By Gemma Greenwood
It's important to reconsider a destination's bad media hype before deciding that it's an 'unsafe' place to visit, says Gemma Greenwood.
The safety and security of a destination are of course, prime concerns when travelling, but is anywhere in the world really ‘safe' to travel to these days?
Call me paranoid, but natural disasters are on the rise - from tsunamis to freak storms - all of which have in the past few years impacted countries that are otherwise deemed ‘safe' places to visit.
Who would have thought the Maldives would have been a danger zone in December 2004 when the tsunami struck? The US has also been battered by bush fires and hurricanes of late.
On the flipside, some countries that are constantly slaughtered by the press for their political situations, creating an image that they are ‘unsafe', are in reality as safe to visit as any other country. Life on the ground is routine and citizens are desperately trying to create a more realistic image of their country.
It's a formidable task; how can the Lebanese Ministry of Tourism, for example, compete with the likes of CNN and Fox News, to name but a few of the global news services that help shape the opinions of travellers worldwide? These are PR vehicles far more powerful than a tourism authority.
It was therefore heartening to see countries that constantly receive negative or one-dimensional press exhibiting at last month's Arabian Travel Market (ATM) in an attempt to give delegates a well-rounded picture of what to expect from their respective tourism infrastructures.
Lebanon, Iran, Sri Lanka and Zimbabwe were all out in force despite the political issues impacting each of them.
The Lebanese contingent included Minister of Tourism Joseph Sarkis and at the time of press, the country's tourism industry was lobbying for a 100-day political truce to stimulate leisure tourism this summer.
Meanwhile, the Sri Lankan Government used ATM as a platform to declare the war-torn country a safe place to visit. Faiszer Musthapha MP, Deputy Minister of Tourism of Sri Lanka told me there was "no issue" and despite some airlines suspending their services to the Sri Lankan capital Colombo during the first week of May, the Ministry of Tourism and 25 travel partners still managed to fly to Dubai for ATM, where they erected a stand double the size of last year's effort.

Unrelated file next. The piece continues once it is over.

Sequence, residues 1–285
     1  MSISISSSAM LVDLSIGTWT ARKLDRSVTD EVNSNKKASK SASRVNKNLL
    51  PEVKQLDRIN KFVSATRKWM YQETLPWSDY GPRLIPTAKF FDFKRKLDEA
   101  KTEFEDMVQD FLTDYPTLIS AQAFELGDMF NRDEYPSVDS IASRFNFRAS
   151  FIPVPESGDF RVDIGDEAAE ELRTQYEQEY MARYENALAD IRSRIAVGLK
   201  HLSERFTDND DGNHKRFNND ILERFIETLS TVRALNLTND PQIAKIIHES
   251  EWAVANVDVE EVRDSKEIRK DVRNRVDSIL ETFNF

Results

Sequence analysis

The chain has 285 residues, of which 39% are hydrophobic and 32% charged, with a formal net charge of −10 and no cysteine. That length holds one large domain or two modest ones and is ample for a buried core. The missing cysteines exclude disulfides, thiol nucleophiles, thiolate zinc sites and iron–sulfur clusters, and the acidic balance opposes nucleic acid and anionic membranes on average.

Musthapha said tourists were not impacted by the destructive activities of the Tamil Tiger rebels and said the government's plan was to promote some of Sri Lanka's unique attractions during this period of strife.
Back to the Middle East and the Iran stand was a sight for sore eyes; no more dowdy and depressing cubicles as witnessed at World Travel Market, but instead, an eye-catching giant illuminated Perspex façade projecting a contemporary and welcoming image of a country so often bogged-down by negative publicity.
The stand highlighted Iran's ancient cultural highlights and was flanked by the country's burgeoning private airline, Mahan Air, which is expanding slowly but surely.
One delegate remarked it was probably safer to visit Tehran than New York - he was probably right.
Who is to judge whether a country is a ‘safe' or ‘unsafe' place to visit and how can we as consumers really know the true picture unless we visit for ourselves?
I have visited both Lebanon and Iran of late and would have no qualms recommending both destinations to friends and family. Sri Lanka is next on the list...